Visible smoke test now part of warrant of fitnessTransport
From tomorrow all vehicles will need to pass a smoky vehicle check to get a warrant of fitness says Associate Transport Minister Judith Tizard.
The new test involves a visual check of the smoke emitted while a vehicle idles for five seconds then while accelerating from idle to 2500rpm. If the vehicle emits clearly visible smoke for five seconds or more it will fail the warrant and will need to be tuned or repaired before it can pass.
The test is one of a range of government transport initiatives to reduce vehicle emissions and clean up air quality.
“Not only do vehicles emitting visible exhaust cause health problems but they also impact on the environment'" says Judith Tizard.
"Forty percent of New Zealand's carbon dioxide emissions come from transport – much of this is from private car owners."
Carbon dioxide is a greenhouse gas associated with climate change and is regarded as the most damaging gas to the environment.
Exhaust emissions are also a significant cause of health problems such as asthma, heart disease and bronchitis. A 2000 study estimated that almost 400 New Zealanders died prematurely each year because of vehicle emissions and it put the cost to the country at $442 million each year.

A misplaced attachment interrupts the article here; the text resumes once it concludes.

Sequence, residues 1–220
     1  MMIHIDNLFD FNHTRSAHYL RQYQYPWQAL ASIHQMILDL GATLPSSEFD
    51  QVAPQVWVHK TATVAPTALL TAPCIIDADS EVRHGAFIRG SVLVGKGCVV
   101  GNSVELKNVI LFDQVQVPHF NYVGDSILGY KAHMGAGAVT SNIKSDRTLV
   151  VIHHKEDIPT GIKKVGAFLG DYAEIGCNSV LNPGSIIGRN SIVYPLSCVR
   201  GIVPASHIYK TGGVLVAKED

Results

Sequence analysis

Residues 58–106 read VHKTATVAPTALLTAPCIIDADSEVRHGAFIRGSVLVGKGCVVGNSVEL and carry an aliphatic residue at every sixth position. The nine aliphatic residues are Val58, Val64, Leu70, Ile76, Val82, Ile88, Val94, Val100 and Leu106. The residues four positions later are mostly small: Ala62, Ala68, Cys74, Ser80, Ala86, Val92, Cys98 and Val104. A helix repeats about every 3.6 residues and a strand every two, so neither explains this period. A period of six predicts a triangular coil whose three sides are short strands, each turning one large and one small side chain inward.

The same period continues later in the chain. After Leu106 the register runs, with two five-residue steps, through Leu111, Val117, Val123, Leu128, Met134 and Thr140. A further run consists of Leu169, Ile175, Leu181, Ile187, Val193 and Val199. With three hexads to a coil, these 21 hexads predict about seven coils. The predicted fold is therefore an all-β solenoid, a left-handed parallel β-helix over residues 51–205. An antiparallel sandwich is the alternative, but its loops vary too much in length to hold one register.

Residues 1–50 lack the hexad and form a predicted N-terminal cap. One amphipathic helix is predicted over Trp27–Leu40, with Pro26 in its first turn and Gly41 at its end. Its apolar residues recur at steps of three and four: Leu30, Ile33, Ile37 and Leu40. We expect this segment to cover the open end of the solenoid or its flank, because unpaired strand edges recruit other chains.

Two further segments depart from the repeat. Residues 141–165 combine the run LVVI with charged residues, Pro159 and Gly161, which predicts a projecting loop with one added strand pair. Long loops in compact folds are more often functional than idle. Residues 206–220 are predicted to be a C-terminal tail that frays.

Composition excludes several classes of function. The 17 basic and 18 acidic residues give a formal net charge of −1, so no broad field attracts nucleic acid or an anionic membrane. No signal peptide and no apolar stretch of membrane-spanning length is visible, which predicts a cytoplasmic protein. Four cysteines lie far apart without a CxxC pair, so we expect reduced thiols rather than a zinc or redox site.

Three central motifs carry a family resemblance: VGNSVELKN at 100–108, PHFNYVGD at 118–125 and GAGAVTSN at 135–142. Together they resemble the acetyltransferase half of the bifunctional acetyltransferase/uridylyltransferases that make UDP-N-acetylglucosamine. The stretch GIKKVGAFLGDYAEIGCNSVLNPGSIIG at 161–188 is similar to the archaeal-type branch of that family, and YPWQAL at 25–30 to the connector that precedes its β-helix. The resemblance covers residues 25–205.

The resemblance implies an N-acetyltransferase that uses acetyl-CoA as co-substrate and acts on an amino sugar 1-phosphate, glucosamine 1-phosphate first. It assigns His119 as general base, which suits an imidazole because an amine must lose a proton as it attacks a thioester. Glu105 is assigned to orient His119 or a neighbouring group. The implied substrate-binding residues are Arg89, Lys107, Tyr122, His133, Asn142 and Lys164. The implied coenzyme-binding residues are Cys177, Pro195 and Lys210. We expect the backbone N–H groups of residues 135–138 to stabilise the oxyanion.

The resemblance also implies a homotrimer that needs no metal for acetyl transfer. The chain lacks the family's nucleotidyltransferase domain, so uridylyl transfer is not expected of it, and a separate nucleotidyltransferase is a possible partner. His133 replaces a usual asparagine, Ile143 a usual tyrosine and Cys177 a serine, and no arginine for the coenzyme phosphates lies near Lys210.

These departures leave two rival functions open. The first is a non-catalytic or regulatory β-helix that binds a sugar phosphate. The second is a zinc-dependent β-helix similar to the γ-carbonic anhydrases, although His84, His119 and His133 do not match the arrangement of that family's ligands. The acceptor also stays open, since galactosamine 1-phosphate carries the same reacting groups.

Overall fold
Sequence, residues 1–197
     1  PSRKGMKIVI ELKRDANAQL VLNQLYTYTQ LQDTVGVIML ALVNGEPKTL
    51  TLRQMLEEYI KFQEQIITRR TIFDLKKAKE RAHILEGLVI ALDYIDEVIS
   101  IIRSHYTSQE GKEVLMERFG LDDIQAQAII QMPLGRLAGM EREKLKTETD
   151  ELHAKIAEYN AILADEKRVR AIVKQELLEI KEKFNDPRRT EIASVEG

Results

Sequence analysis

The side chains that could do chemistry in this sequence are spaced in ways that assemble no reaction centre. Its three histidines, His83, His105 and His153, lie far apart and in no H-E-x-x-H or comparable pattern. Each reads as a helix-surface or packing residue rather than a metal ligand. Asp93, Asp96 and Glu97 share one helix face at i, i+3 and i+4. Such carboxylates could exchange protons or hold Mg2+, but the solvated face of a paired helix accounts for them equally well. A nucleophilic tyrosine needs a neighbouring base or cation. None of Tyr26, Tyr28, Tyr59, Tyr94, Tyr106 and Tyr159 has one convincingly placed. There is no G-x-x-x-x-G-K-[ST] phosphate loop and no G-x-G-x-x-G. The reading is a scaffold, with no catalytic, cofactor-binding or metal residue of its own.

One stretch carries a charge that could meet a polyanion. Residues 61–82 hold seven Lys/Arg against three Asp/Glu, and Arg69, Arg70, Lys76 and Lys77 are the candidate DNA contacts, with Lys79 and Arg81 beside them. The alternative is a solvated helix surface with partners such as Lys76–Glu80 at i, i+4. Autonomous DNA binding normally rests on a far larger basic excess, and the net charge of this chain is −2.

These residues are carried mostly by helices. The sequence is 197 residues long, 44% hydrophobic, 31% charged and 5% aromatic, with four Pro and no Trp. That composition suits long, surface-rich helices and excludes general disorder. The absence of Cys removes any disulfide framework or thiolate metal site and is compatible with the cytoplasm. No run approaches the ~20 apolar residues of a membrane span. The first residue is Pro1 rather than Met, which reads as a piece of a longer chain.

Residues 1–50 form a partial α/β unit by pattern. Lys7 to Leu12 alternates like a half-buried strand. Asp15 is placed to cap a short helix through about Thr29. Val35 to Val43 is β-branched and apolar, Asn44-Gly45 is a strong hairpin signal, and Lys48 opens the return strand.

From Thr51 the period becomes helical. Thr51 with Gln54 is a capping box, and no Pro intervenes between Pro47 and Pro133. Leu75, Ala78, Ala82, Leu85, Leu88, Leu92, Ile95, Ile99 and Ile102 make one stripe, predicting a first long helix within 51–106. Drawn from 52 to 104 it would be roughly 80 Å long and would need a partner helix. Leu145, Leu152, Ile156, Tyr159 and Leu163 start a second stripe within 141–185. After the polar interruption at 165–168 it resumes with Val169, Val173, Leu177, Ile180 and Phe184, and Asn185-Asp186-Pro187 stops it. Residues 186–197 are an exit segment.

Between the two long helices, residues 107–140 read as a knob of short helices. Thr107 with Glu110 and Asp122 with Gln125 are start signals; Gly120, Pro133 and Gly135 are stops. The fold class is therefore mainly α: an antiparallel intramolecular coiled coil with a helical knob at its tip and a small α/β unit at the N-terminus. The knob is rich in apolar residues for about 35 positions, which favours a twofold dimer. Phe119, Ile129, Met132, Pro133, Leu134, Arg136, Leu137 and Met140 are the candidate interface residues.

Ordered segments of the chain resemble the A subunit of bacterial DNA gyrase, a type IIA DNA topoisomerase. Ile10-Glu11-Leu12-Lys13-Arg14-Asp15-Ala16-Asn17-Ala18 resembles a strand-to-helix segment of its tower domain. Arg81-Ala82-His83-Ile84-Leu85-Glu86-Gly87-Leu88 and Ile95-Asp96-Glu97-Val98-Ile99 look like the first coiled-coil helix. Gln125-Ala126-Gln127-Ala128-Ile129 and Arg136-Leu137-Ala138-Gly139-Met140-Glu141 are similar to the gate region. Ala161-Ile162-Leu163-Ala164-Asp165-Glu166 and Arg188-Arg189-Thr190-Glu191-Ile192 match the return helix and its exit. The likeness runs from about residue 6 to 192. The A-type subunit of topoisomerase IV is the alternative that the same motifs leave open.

“About 10% of vehicles produce 40% of the harmful vehicle emissions. These poorly maintained vehicles could release 10 times more emissions than a well-maintained vehicle.
"Improving how we drive and maintain our vehicles will show real benefits for everyone."
The Minister said the visible smoke test is a good practical step to further reduce vehicle emissions.
The visible smoke test builds on existing measures to control motor vehicle emissions and improve air quality. The Ministry of Transport’s Choke the Smoke campaign encourages owners to tune their vehicles to help reduce emissions and save on running costs.
The government has also improved fuel specifications, the Police are ticketing smoky vehicles and further restrictions on imported vehicles are being considered. The government is also encouraging drivers to avoid short trips and to use public transport or to walk or bike.
- The new Vehicle Emission Rule (2006) has been made under the Land Transport Act 1998. For details, click here.
- The test will take less than a minute, so any increase in costs should be small because the test takes such a short time and no special equipment is needed.